School committee unanimously approves FY23 proposal


Keertana Gangireddy

The Westford School Committee unanimously approved the FY23 proposal.

Keertana Gangireddy, Co-Editor-in-Chief

The Westford School Committee unanimously passed the budget proposal for FY23 on Feb. 28 during their meeting.

The proposal involves a reduction of a full-time English position at WA, up to three electives at WA, two full time positions at the middle school level, four reading interventionists at the elementary school level, as well as a reorganization of the central office. 

During public comment, fourth grade Day Elementary School teacher and Westford Education Association (WEA) President Kristine Jussaume requested the school committee to vote against the proposal. The WEA is specifically opposed to cutting reading interventionists and any position at the middle school level to maintain small class sizes and social-emotional services during the pandemic, in the hopes that more funds may become available in the near future.

“We as teachers would like to maintain the same number of students receiving reading services, especially with COVID. There’s obviously going to be a learning gap with the little ones as they’re developing their foundational reading skills. […] Before the pandemic, there were social and emotional concerns and obviously; the pandemic has just heightened those numbers,” Jussaume said. 

School committee member Chris Sanders, along with the rest of the school committee, acknowledged the difficult cuts in the proposal. However, he wants the public to be aware that the budget is finite, thus cuts are necessary. 

Sanders and fellow school committee members Gloria Miller, Kathryn Clear, Mingquan Zheng, and Valery Young explained their support for the FY23 proposal, as it will allow for the town to meet the needs of citizens in the future while ensuring that the town is fiscally responsible. 

“I would love to find a million teachers and a million reading interventionists. At the same time, we also are limited by our budget. We have to be fiscally responsible. I mean, it’s what we teach our kids: ‘you’ve only got so much money; you have choices to make’. If it’s not something like reading interventionists [who may have to be cut], is it something else [that should be cut]?” Clear said.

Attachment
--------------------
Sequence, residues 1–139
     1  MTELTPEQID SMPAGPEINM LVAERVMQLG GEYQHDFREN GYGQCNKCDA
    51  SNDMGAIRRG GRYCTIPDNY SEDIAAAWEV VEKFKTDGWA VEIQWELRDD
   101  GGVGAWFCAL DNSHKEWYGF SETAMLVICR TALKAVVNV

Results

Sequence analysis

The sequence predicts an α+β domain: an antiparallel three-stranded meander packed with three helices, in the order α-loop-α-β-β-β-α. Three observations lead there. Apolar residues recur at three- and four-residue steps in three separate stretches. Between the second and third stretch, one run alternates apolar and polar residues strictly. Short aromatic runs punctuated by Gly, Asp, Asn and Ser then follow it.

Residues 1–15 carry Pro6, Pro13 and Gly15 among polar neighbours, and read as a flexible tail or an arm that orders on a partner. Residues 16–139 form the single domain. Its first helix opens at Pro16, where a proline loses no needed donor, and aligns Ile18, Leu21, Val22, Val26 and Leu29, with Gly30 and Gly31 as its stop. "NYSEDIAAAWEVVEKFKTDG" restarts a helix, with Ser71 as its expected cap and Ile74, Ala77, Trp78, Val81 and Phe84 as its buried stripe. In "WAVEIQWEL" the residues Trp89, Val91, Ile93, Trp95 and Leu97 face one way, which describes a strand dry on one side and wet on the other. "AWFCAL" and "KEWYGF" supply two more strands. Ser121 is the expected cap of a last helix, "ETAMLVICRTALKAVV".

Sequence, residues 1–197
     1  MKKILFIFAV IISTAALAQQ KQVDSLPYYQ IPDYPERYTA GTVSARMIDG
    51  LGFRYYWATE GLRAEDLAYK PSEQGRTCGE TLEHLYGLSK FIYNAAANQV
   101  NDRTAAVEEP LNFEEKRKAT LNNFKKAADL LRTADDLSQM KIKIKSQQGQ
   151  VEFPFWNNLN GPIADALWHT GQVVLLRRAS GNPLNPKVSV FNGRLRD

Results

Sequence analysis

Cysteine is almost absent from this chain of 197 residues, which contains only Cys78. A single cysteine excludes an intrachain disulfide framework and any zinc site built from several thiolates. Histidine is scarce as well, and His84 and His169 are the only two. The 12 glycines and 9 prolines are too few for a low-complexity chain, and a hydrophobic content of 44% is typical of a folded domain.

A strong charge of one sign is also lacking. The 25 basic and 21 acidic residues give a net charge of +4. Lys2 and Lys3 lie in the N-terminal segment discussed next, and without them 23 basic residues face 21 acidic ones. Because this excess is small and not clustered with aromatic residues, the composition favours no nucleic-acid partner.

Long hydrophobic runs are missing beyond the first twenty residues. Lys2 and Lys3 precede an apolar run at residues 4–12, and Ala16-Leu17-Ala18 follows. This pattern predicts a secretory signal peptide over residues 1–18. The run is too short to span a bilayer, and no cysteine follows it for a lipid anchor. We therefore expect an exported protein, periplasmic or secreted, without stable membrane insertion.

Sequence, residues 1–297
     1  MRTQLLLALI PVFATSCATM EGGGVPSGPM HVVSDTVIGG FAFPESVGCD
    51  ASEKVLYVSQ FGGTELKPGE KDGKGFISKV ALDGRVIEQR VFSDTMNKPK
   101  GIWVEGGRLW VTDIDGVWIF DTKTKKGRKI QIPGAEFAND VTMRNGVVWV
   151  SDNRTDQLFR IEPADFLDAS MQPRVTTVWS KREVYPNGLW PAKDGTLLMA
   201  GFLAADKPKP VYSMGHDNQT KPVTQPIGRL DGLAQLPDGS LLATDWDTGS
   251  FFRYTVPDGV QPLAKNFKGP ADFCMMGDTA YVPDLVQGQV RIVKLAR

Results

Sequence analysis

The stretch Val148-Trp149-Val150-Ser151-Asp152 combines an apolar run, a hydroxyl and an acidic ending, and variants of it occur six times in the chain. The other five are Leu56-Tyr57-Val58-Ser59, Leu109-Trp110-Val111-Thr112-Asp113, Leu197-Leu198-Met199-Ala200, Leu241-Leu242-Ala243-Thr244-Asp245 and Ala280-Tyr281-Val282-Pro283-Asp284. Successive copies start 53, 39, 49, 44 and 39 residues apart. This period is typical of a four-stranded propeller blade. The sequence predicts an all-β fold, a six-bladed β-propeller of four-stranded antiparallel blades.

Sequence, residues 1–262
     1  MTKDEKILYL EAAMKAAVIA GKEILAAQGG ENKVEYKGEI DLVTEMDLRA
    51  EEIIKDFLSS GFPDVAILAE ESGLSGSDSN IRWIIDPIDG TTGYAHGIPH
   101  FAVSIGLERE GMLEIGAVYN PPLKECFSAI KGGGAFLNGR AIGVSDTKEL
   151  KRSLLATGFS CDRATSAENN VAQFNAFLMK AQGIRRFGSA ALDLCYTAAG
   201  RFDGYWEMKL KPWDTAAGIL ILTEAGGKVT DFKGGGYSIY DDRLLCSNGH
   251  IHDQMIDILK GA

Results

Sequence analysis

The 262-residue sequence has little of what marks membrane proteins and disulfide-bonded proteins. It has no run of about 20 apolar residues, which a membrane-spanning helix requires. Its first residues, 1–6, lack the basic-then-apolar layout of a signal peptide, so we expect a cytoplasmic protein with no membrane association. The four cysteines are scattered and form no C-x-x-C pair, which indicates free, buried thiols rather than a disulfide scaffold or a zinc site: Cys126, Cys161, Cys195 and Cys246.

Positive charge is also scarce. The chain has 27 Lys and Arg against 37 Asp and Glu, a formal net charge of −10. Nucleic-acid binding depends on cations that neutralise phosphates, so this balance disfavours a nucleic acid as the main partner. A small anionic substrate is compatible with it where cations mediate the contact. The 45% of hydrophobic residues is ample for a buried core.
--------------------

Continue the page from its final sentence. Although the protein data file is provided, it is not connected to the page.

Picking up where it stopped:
In regards to blame for difficult budgetary decisions year after year, Miller does not want the public to hold any frustration to the town partners, who composed the proposal, as they have considered how to give students the best education possible within the financial restraints, while also dealing with public safety and public health concerns.

However, regardless of supporting the budget proposal, school committee member Sean Kelly brought up the fact that Westford spends a per-pupil amount that is significantly lower than surrounding towns, lending to the question of what the town may value. Kelly stated that in the future, he would like to see any money or funds go towards the reading interventionists.

“There are two sets of decisions that are being made, at least in my eyes. There are enrollment-based reductions. And, then, there are the other non-enrollment-based reductions. […] The [reduction of] reading interventionists, at least for me, that’s a tough one. And I know I articulated this, but I [have] concerns about there being folks or students who are behind because of COVID, and again, I guess, the numbers don’t say that, but I still have a concern about it,” Kelly said. 

All school committee members expressed their concern for the reduction of reading interventionists and mentioned community discussions in the future about various options to provide additional funding such as using overrides for the budget.

“We need to consider long-term as to what we as community value for moving forward and that’s something that is only going to happen, I think, as people get more engaged in town-wide discussions, engage with Select Board, school committee, show up for town meetings […]. So, things won’t change unless people start to have these harder conversations,” Clear said.

The next school committee meeting will be March 14.